USFSP Master's Theses (Graduate)

Authors

Allison Nall

First Advisor

Major Professor: Tiffany Chenneville, Ph.D.

Second Advisor

Lindsey Rodriguez, Ph.D.

Third Advisor

Jennifer O'Brien, Ph.D.

Publisher

University of South Florida St. Petersburg

Document Type

Thesis

Language

en_US

Publication Date

2018

Date Issued

March 5, 2018

Abstract

With the high prevalence of HIV among youth in sub-Saharan Africa, it is vital to better understand factors affecting HIV testing among this population; this is the first step in the HIV treatment cascade. Using existing data from the SEERs (Stigma-reduction via Education, Empowerment, and Research) Project, a community-based participatory research program targeting 13-24 year olds in Kenya, the purpose of this study was to examine factors related to behavioral intentions regarding HIV testing. It was hypothesized that HIV knowledge, social support, subjective well-being, and mental health would serve as facilitators to HIV testing while projected stigma and substance use would serve as barriers to HIV testing. In partial support of the hypotheses, findings from a logistic regression analysis revealed that HIV knowledge facilitated HIV testing behavioral intentions. However, unexpectedly, social support was a barrier to HIV testing intentions. These findings have important implications for future research in this area and for this population.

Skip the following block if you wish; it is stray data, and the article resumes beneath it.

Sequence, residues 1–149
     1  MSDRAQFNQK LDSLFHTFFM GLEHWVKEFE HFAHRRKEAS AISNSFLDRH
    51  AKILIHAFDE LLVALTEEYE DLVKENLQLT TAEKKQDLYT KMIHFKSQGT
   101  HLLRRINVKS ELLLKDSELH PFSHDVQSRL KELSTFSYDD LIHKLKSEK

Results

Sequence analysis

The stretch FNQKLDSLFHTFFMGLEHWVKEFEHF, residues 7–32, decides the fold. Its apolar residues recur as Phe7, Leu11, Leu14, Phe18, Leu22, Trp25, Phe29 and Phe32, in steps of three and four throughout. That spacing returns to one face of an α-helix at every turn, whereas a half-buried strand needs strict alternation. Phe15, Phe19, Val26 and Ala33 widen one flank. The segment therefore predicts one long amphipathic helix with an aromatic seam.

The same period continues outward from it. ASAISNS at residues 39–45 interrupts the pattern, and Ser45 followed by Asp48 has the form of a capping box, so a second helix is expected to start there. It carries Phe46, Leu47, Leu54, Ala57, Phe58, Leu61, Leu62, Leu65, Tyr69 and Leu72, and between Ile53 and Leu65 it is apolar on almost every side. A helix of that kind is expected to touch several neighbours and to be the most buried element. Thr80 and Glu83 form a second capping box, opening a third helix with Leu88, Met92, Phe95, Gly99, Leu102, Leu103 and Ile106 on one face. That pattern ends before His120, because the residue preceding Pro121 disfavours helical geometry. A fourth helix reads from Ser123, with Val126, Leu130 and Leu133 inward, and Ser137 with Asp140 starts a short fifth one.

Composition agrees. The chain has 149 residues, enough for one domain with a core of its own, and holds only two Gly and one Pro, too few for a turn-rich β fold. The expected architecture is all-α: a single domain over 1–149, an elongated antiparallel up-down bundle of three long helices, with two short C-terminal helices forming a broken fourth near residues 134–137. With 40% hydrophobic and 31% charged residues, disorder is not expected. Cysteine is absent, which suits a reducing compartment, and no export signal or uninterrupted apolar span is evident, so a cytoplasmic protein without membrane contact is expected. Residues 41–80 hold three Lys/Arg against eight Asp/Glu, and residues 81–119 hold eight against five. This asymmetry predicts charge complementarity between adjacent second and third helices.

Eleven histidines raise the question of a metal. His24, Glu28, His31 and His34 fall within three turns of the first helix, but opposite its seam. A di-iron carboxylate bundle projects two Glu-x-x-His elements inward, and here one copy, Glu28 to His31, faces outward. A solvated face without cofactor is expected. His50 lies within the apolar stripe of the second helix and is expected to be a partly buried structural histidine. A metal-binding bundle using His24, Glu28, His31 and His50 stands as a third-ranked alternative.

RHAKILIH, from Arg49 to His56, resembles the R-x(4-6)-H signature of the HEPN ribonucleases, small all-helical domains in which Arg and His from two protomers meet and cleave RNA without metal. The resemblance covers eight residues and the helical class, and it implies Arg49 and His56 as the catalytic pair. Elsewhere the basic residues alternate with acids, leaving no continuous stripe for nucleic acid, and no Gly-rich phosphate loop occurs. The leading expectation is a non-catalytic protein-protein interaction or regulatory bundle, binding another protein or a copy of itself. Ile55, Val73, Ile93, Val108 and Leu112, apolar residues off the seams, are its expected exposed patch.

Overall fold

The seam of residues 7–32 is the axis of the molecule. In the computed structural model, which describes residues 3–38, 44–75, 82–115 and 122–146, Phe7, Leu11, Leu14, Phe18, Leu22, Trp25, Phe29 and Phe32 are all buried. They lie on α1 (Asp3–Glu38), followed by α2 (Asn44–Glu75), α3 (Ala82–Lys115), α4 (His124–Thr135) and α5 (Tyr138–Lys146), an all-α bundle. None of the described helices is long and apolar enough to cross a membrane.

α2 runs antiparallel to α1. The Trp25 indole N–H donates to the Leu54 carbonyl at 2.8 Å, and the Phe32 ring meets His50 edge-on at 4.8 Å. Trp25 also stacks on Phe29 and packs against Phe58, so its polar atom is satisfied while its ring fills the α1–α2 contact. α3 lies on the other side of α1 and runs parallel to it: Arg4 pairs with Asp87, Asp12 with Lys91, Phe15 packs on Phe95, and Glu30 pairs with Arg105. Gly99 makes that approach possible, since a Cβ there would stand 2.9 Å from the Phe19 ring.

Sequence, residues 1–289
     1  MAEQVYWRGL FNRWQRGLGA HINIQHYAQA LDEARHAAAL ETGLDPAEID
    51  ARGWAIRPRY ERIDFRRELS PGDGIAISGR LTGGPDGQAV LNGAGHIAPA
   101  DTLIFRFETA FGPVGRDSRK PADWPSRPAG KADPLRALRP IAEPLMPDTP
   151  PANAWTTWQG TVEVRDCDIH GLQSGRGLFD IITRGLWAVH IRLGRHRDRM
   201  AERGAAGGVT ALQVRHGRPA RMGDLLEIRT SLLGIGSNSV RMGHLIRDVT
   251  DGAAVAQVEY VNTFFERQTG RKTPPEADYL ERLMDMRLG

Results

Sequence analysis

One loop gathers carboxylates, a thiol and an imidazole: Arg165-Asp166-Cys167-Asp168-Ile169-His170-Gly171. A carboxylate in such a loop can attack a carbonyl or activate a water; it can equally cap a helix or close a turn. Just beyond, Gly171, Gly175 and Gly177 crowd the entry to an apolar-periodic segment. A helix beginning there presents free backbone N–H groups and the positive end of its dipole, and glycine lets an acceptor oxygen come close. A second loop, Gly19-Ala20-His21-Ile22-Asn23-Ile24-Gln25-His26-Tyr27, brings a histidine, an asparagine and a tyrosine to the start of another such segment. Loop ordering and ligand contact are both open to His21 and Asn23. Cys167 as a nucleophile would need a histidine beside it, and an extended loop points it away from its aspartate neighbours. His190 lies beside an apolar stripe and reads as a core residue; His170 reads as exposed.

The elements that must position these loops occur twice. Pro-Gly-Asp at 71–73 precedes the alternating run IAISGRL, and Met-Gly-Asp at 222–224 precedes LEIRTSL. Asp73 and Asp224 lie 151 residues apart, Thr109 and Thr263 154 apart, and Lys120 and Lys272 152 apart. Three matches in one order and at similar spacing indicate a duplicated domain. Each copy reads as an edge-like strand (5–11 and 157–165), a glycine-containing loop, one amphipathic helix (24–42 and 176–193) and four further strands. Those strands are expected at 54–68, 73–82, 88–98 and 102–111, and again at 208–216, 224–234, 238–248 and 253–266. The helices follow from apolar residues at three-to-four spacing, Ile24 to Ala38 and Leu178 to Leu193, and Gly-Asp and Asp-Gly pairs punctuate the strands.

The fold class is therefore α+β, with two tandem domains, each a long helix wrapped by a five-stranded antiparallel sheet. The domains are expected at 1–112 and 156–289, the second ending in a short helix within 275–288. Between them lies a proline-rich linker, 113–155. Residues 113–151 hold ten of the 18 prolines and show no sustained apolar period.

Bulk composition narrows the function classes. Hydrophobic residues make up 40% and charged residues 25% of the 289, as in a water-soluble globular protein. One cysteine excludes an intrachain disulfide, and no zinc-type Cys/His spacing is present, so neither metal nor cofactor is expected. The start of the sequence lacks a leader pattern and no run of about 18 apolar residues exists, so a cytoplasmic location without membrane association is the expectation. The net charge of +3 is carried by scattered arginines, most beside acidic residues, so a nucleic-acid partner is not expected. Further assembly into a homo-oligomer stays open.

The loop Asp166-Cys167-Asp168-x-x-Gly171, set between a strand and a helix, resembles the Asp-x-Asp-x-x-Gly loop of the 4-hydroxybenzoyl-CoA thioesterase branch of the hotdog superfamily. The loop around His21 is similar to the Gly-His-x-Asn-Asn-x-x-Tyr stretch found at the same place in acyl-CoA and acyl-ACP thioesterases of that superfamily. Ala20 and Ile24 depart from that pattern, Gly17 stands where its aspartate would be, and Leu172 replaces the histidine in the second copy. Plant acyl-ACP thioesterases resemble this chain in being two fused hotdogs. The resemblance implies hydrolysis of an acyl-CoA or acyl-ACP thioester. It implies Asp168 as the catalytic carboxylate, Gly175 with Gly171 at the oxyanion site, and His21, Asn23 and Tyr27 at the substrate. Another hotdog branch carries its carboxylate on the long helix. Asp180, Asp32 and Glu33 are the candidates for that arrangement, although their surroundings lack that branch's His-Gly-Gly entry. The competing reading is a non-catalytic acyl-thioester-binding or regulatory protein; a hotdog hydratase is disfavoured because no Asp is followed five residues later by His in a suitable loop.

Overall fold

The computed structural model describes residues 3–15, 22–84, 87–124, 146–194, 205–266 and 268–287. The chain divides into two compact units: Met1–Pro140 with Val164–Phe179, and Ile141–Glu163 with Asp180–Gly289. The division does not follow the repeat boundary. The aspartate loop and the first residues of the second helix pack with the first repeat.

Comments

A thesis submitted in partial fulfillment of the requirements for the degree of Master of Arts Department of Psychology College of Arts and Sciences University of South Florida St. Petersburg

Creative Commons License

Creative Commons Attribution-Noncommercial-No Derivative Works 4.0 License
This work is licensed under a Creative Commons Attribution-Noncommercial-No Derivative Works 4.0 License.

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